Fact Check: Image Does NOT Show 'HAARP Ionospheric Heaters'

Fact Check

  • by: Uliana Malashenko
Fact Check: Image Does NOT Show 'HAARP Ionospheric Heaters' Chernobyl

Does a post on social media that claims the HAARP ionospheric heater is all over the world show an authentic photo of one? No, that's not true: It's a photo of a long-abandoned Soviet-era radar in Ukraine. Before the 2022 Russian full-scale invasion, the area, which had been evacuated due to high radiation levels after the 1986 Chernobyl disaster, was popular with tourists.

The claim appeared in a post (archived here) on Facebook on February 18, 2024. It began:

Can you handle the truth?
HAARP isn't just in Alaska, it's spread evenly all over our world! Controlled in tandem with other weather modification programs, all working simultaneously together to bring 'hell on earth', meaning time is modified on a scale many people cannot imagine!

This is what the post looked like on Facebook at the time of writing:

Screen Shot 2024-02-22 at 10.47.05 AM.png

(Source: Facebook screenshot taken on Thu Feb 22 15:47:05 2024 UTC)

HAARP -- a long-term target of false conspiracy theorists -- is a high-frequency transmitter (archived here) for the study of the ionosphere. Between its inception in 1990 and 2014, it was managed by the U.S. Air Force and the Navy, but now it's operated (archived here) by the University of Alaska Fairbanks.

While the most powerful, HAARP (High-frequency Active Auroral Research Program) is not the only ionospheric heater (archived here) -- there are other heaters of this type in the world.

But the image reused by the post on Facebook does not show HAARP or any other ionospheric heaters -- it is the now-defunct Soviet over-the-horizon radar Duga (archived here), located in the exclusion zone surrounding the site of the Chernobyl disaster in Ukraine. The facility was a complex of antennas (archived here) 492 feet high and almost half a mile wide. But Duga could only receive signals -- a few then-existing similar transmitting stations were located in other regions.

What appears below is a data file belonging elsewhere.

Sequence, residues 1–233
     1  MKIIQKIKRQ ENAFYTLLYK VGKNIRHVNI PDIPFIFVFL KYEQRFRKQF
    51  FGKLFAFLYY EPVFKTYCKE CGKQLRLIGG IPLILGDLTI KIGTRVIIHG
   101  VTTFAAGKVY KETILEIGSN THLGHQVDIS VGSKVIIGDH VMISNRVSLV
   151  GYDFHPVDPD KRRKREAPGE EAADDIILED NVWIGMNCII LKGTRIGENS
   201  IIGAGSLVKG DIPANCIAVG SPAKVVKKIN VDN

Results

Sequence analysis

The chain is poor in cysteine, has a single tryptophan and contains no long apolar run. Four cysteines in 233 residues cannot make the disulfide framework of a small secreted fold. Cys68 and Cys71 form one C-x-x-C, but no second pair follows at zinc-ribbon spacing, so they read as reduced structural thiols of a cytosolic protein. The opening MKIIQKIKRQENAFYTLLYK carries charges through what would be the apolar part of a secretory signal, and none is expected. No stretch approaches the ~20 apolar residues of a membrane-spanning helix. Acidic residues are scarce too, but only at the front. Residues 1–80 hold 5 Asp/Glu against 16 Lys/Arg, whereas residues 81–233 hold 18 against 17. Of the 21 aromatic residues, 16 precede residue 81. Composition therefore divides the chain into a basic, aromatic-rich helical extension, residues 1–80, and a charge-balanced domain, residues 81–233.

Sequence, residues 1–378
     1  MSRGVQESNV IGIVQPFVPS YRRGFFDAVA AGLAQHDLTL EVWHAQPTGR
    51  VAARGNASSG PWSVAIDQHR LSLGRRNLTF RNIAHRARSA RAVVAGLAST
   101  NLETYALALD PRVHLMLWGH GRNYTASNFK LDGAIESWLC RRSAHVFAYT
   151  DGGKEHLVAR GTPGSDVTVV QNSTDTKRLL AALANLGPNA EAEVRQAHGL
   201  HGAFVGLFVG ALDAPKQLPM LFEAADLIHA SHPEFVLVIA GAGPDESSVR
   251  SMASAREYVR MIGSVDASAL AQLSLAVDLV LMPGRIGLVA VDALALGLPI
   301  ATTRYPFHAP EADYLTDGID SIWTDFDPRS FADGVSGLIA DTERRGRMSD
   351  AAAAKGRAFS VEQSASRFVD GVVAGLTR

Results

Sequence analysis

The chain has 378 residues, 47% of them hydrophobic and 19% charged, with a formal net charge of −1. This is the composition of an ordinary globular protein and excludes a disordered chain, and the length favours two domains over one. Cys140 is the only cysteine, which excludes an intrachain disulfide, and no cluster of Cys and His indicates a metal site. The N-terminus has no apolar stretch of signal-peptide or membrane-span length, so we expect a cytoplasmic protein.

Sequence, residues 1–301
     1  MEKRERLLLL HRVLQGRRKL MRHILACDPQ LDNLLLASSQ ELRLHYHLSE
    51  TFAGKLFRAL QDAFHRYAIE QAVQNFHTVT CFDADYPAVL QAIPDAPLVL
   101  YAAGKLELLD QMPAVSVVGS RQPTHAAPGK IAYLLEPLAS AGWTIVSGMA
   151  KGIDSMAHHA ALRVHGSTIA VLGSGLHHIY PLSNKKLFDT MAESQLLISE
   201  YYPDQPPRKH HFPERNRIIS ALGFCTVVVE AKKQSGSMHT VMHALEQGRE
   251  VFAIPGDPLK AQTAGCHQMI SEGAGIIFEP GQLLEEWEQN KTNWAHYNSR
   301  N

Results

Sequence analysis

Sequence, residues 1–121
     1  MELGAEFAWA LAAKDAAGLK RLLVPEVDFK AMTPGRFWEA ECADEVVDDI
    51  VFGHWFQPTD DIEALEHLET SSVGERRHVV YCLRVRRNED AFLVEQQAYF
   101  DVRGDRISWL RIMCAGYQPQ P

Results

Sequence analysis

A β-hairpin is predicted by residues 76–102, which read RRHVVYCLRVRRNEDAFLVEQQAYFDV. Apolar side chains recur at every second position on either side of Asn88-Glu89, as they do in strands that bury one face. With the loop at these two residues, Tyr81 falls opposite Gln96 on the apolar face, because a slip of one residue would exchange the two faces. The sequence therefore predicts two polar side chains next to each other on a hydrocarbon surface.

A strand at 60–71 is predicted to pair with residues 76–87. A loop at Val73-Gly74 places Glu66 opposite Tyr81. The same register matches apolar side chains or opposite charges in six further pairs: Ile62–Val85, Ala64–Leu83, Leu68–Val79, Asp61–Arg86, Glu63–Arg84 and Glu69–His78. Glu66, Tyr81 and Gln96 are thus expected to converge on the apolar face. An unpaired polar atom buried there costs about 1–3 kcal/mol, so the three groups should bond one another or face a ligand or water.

According to the reverse image search tool TinEye, the photo from the post on Facebook has been online at least since 2010 and was first published in Russian-language blogs:

Screen Shot 2024-02-22 at 11.52.46 AM.png(Source: TinEye screenshot taken on Thu Feb 22 16:52:46 2024 UTC)

Built at the height of the Cold War in the 1970s (archived here) to detect long-range missile launches, Duga, a once-classified project, not only predates the creation of HAARP -- it could not be part of any coordination between the U.S. and the USSR.

Often dubbed the Russian Woodpecker (archived here) in American sources for the specific radio signals it once produced, the radar was a notable landmark (archived here) between the early 2010s, when the Ukrainian government opened (archived here) the exclusion zone for official tours, and February 19, 2022 (archived here), when Chernobyl, too close to the state border, was closed to visitors days before Russia's full-scale invasion.

Duga can still be seen in the high-quality footage recorded by BBC and Ukrainian newsroom Ukrainska Pravda. The HAARP equipment looks different.

Lead Stories reached out to HAARP for additional comment. When we receive a response, this article will be updated as appropriate.

Other Lead Stories fact checks about science can be found here.

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  Uliana Malashenko

Uliana Malashenko is a New York-based freelance writer and fact checker.

Read more about or contact Uliana Malashenko

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